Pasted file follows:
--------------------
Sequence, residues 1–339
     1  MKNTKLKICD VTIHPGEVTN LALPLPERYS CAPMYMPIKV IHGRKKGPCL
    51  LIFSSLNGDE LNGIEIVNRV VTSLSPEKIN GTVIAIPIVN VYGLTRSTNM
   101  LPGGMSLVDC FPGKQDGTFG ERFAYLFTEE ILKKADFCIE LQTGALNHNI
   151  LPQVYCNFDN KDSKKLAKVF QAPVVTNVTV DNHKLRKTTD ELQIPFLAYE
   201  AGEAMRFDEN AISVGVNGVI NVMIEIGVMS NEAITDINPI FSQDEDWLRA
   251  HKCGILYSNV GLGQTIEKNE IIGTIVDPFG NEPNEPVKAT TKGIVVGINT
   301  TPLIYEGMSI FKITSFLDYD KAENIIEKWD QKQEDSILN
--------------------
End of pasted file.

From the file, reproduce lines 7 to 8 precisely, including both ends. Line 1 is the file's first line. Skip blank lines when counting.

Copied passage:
   251  HKCGILYSNV GLGQTIEKNE IIGTIVDPFG NEPNEPVKAT TKGIVVGINT
   301  TPLIYEGMSI FKITSFLDYD KAENIIEKWD QKQEDSILN